levels. One might infer at the very least 1) the ruler, 2) city bureaucratic officials, 3) subordinate officials, and 4) village elders, but we have no hard data.


Professions
Professional Soldier:
present

Presumably, the mercenary troops that the Phoenicians relied on (see below) would be considered full-time.


Professional Priesthood:
present

"Gli uffici del culto regolare, invece, erano affidati a un apposito personale, che le iscrizioni ci mostrano strutturato gerarchicamente e articolato in vari livello di ministero. Nei vari culti il clero era guidato da un sommo sacerdote e comprendeva, oltre agli altri sacerdoti e alle sacerdotesse, una schiera numerosa di personale minore, dai macellatori ai profumieri, dagli scribi agli schiavi. [...] Due cariche sembrano di particolare importanza: quella del ’sacrificatore’, probabilmente scelto con incarico pubblico e rinnovabile, dai compiti forse analoghi al ruolo del mageiros nella religione greca; e quella, meno chiara, del mqmlm, forse il sacredote ’risuscitatore della divinita’, frequente nelle inscrizioni di Cartagine, Cipro, Rodi, Tripolitania. Conosciamo anche l’esistenza di collegi sacerdotali e associazioni a sfondo religioso." [1] TRANSLATION: "Regular cult duties fell under the purview of specialised personnel, which, according to inscriptions, was organised hierarchically. Religious personnel was led by a chief priest and, besides regular priests and priestesses, it also included a host of minor figures, such as butchers, perfumers, scribes, and slaves. [...] It seems that two roles were particularly important among the clergy: the ’sacrificer’, possibly a publicly elected and renewable office, possibly one similar to that of a Greek mageiros; inscriptions found in Carthage, Cyprus, Rodes, and Tripolitania often mention the mqmlm, whose function is less clear than the sacrificer’s, though he may have been tasked with ’reviving the deity’. We also know of the existence of priestly assemblies and religious associations."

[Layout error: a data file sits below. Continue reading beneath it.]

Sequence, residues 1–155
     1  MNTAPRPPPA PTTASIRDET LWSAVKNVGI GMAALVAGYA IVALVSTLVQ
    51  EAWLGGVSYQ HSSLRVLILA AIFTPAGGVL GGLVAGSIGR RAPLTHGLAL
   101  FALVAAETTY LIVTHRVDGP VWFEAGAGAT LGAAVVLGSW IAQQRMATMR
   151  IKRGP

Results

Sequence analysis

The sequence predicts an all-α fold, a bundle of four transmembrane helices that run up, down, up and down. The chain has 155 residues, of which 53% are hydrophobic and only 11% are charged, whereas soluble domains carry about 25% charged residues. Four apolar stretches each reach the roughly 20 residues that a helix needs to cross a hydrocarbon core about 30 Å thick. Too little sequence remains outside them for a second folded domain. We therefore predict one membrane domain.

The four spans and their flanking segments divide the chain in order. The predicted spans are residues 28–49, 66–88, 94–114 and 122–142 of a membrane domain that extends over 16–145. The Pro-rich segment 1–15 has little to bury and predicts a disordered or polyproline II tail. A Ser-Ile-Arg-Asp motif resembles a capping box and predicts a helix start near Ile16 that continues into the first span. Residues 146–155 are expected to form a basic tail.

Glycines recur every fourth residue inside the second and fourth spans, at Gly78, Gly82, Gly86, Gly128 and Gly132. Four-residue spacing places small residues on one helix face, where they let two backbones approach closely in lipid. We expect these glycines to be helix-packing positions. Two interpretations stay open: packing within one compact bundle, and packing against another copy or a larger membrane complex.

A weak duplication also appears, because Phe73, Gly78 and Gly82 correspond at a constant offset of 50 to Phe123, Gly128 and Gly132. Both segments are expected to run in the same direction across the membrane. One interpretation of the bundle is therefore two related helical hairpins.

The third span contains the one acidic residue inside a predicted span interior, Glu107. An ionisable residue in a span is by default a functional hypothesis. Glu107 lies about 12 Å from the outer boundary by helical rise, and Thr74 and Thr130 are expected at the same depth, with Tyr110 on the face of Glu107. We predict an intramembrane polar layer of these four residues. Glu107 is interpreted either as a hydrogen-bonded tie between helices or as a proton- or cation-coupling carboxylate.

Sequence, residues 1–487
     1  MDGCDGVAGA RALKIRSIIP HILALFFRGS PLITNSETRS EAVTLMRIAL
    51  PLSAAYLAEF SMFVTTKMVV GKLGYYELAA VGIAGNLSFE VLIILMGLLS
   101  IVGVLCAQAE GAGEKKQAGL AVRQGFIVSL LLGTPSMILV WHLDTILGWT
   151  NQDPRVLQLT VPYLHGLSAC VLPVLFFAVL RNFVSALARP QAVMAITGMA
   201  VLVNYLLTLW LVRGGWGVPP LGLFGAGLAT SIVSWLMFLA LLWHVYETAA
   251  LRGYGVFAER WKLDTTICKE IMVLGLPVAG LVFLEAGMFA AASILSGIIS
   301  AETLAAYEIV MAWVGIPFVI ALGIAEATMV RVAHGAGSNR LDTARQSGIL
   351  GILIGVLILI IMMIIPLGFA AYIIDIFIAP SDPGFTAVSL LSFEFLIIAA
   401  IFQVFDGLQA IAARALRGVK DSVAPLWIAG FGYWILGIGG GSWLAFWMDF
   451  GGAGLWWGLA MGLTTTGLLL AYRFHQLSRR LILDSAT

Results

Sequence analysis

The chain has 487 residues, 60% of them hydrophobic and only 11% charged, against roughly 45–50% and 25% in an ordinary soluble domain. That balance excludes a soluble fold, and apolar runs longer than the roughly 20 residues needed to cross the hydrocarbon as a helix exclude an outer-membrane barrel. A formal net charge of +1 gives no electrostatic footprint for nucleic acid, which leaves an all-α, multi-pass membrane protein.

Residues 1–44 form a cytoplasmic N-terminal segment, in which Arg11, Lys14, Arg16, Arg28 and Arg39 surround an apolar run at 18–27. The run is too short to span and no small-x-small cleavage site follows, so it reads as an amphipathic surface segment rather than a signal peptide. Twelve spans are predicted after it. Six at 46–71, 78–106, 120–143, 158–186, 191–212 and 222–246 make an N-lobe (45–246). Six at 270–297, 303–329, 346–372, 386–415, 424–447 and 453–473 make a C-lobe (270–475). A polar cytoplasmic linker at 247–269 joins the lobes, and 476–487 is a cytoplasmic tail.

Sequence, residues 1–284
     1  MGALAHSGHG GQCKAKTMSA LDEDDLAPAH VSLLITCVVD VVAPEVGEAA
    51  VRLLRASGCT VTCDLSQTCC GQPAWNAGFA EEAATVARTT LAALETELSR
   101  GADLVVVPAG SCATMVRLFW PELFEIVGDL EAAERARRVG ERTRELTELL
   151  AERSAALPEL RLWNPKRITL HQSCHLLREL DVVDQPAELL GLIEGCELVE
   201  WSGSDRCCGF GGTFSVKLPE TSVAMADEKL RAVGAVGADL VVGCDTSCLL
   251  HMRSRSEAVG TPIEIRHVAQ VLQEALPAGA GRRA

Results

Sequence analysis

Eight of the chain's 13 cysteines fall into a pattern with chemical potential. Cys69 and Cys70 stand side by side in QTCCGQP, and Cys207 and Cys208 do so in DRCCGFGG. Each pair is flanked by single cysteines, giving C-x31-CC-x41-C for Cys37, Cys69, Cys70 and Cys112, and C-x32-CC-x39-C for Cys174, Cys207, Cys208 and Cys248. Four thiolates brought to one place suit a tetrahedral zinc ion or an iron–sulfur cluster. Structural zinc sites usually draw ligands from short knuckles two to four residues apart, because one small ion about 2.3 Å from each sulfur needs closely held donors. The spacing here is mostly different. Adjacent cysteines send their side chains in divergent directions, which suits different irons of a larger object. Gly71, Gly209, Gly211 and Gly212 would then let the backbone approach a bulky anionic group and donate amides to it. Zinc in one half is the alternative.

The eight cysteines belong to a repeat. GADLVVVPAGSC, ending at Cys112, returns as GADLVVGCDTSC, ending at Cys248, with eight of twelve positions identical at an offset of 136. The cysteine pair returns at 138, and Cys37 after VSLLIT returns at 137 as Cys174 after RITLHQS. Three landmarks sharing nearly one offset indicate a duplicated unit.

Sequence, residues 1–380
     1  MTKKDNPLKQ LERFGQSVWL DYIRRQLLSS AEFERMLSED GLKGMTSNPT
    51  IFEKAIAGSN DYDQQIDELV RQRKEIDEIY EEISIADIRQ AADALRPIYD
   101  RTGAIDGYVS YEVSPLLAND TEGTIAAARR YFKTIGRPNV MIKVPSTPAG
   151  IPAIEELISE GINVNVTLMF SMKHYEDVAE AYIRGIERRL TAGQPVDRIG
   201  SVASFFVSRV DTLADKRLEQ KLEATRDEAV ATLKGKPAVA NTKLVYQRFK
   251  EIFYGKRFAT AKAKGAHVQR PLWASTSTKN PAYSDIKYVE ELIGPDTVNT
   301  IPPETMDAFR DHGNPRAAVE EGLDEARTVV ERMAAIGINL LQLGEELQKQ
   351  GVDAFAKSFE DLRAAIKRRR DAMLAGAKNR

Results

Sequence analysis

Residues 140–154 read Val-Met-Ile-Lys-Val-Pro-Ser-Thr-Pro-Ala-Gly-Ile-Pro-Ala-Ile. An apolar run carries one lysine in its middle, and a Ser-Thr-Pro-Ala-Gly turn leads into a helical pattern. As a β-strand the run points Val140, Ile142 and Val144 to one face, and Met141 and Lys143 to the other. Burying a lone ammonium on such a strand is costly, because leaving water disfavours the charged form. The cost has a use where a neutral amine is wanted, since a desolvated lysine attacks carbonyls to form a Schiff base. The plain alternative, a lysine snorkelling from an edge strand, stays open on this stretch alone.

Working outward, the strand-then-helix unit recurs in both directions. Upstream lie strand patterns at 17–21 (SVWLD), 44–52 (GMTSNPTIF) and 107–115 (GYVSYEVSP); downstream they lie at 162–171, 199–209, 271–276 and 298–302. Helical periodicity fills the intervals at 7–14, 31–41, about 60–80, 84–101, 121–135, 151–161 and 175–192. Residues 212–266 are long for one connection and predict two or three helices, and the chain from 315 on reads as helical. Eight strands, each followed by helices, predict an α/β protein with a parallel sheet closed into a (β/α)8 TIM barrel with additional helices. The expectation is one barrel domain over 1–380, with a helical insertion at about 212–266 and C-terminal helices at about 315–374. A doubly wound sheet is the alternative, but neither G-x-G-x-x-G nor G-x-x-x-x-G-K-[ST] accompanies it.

[1]: Ribichini, S. 1988. Le credenze e la vita religiosa. In Moscati, S. (ed) I Fenici pp. 104-125. Milano: Bompiani.


Professional Military Officer:
unknown

Bureaucracy Characteristics
Specialized Government Building:
unknown

Many governmental functions were carried out by temples and the palace; whether there were distinct governmental buildings is unclear.



Full Time Bureaucrat:
unknown

Examination System:
unknown

Law
Professional Lawyer:
absent

Judge:
present

From the example of Carthage, as well as that of the Israelites.


Formal Legal Code:
present

Though practically no direct evidence survives, contemporary writers were clear that the legal system of Carthage was substantially taken from that of Tyre. Additionally, legal codes were used by at least some of the preceding Canaanite cities, [1] as well as by the neighboring Israelites.

[1]: Horowitz/Oshima/Vukosavovic (2012).


Court:
present

From the example of Carthage, as well as that of the Israelites.


Specialized Buildings: polity owned
Market:
present

While archaeological evidence of markets is hard to find, [1] it is all but certain that they existed in commercial Phoenicia.

[1]: McMaster (2014:87)


Irrigation System:
present

Agricultural irrigation systems were known to be used in Bronze Age Canaan, [1] and are unlikely to have been abandoned.

[1]: Golden (2004:84).


Food Storage Site:
present

Given how much food was imported from Israel and Egypt, these would have surely been necessary.


Drinking Water Supply System:
present

"In most instances, fresh water was secured from local sources, such as rivers or springs. Where local supply was insufficient for population needs, as at Tyre, water was piped in or otherwise physically imported. When necessary, existing supply was augmented by excavated wells, or built, lime-plastered cisterns (cf. Tyre and Awad)." [1]

[1]: Markoe (2000:69).


Transport Infrastructure

Phoenician cities conducted overland trade as well as by sea.


Phoenician societies were famous for their seafaring. Across the entire Punic/Phoenician superculture in the Mediterranean, some 183 ports have been catalogued, [1] several of which were in Phoenicia proper.

[1]: Carayon (2008).


While irrigation canals might have been used, there is no evidence for canals as water transport and they would have been unnecessary for island cities in any event.


Bridge:
absent

Bridges were absent in neighboring Iron-Age Israel. [1]

[1]: Dorsey (1991).


Special-purpose Sites
Mines or Quarry:
present

While mineral resources were scant in Phoenicia proper, leading Phoenicians to set up mining or trading operations as far away as Spain and Britain, Phoenicians frequently quarried the stone for their city constructions on-site or nearby. For example, several quarries have been identified on the harbor island of Zire, off the coast of Sidon. [1]

[1]: Marriner/Morhange/Doumet-Serhal (2006).


Information / Writing System
Written Record:
present

"In the Corpus Inscriptionum Semiticarum mentioned above, of the 6058 Phoenician inscriptions listed, only about one hundred of these had been found in the Phoenician Levantine homeland." [1] "The Phoenician alphabetic script was easy to write on papyrus or parchment sheets, and the use of these materials explains why virtually no Phoenician writings - no history, no trading records - have come down to us. In their cities by the sea, the air and soil were damp, and papyrus and leather moldered and rotted away. Thus disappeared the literature of the people who taught a large portion of the earth’s population to write." [2]